Very often accused of not letting the other person complete his talk and of reacting hastily and dramatically, I am always trying to inculcate that rare quality of being a good, nay a great, listener.
And I came across this interesting article in Harvard Business Review, What Great Listeners Actually Do, by Jack Zenger and Joseph Folkman that throws new light on the topic. Contrary to what is believed, great listening is not being a sponge and absorbing what the other says; this research-based study suggests that an effective listener is like a trampoline, against whom you can bounce your ideas and who actively helps you look at things clearly and effectively. https://hbr.org/2016/07/what-great-listeners-actually-do
So, I penned down a note to myself on all I learned from this HBR article. The style of writing it is inspired by Rudyard Kipling’s poem ‘If’.
If I be silent while you talk
If I sit nodding now and then, making an occasional ‘mmm…hmmm’
If I can repeat what you say
Then you will know I hear what you say.
If I be active in the You-Me interaction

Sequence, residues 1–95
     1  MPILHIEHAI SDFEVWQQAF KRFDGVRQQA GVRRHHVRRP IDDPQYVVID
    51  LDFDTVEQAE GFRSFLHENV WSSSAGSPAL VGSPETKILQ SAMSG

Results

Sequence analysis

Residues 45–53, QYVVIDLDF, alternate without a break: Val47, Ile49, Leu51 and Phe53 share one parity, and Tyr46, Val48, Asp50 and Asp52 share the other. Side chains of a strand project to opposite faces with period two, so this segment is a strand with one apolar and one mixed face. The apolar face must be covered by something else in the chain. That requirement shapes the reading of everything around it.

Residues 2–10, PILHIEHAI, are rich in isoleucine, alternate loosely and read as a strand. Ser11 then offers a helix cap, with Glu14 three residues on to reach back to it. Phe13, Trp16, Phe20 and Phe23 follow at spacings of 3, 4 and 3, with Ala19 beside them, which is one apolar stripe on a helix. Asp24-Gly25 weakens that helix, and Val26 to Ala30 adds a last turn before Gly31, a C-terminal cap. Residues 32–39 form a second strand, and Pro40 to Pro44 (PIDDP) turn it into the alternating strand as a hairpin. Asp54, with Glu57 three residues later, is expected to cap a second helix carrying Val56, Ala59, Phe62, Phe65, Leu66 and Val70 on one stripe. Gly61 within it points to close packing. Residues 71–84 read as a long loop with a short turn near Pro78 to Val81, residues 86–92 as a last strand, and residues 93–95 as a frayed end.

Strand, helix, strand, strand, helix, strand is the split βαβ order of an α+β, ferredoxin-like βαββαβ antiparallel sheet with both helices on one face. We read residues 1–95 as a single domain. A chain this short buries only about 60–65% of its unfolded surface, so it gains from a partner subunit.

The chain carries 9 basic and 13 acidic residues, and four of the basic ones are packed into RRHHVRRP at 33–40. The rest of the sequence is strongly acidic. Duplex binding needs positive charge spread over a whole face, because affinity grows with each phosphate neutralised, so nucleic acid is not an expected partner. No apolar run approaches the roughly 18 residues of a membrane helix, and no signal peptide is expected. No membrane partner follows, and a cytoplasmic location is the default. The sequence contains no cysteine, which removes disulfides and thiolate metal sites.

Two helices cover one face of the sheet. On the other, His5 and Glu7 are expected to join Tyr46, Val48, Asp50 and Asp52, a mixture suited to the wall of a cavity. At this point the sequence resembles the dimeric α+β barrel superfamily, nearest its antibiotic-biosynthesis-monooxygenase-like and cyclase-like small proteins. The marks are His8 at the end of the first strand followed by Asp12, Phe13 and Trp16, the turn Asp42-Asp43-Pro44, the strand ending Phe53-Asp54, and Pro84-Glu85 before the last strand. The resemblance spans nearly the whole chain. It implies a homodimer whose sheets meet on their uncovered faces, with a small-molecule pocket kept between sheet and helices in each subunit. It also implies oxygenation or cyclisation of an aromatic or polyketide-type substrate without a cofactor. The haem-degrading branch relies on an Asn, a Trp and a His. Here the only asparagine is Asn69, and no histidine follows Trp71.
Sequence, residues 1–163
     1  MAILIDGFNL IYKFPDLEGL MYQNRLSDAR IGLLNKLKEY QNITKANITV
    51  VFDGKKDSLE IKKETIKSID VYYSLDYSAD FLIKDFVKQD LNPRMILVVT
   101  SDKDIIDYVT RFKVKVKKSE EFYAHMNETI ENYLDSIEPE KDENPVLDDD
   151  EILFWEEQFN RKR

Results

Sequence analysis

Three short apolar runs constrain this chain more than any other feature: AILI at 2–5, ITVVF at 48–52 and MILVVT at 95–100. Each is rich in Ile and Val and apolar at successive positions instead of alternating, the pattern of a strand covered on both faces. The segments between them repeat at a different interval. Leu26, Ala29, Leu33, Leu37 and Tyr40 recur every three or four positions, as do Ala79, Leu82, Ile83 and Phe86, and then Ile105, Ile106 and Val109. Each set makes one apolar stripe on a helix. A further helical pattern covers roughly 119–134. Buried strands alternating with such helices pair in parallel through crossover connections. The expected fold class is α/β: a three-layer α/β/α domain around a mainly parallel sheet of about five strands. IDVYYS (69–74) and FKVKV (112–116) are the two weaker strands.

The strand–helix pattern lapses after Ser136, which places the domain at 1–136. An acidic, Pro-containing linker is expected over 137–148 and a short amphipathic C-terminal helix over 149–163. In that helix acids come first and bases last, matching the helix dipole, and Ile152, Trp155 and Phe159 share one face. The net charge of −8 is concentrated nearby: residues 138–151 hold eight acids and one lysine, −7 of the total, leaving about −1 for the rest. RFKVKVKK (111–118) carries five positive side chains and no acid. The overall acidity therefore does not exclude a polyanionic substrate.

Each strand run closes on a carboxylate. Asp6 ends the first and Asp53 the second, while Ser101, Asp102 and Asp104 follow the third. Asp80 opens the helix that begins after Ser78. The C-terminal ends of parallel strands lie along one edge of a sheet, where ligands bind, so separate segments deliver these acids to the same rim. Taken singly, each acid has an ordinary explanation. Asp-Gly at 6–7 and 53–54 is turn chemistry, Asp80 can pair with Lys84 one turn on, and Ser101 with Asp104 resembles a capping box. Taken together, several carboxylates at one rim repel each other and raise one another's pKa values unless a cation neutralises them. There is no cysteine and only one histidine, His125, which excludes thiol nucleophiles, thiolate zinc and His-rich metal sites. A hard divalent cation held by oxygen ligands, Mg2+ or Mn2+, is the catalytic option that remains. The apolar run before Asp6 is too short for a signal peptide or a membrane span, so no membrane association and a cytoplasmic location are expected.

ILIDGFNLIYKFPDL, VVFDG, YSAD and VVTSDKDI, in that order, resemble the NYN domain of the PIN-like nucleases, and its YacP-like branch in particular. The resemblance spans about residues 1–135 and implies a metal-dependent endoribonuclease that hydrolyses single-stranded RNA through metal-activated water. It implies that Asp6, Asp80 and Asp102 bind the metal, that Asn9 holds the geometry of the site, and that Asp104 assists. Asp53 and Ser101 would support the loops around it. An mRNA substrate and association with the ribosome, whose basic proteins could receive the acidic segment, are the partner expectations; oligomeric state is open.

If I question you, gently, in a constructive way
If I do so without judgment, trying to comprehend
Then you will know I am interested in what you say.
If I be attentive to what you say and also, what you don’t say
If I listen to you with my ears AND eyes
If I hear you out without offense or defense
Then you will know I am trying to help in what you say.
If I be supportive and keep the conversation flowing
If I make suggestions which challenge your assumptions
If I help you sort your thoughts and see things in new light
Then you will know I am truly listening to what you say.
If I can remember to do all of this in every interaction I have Then, only Then, will I be a great listener too!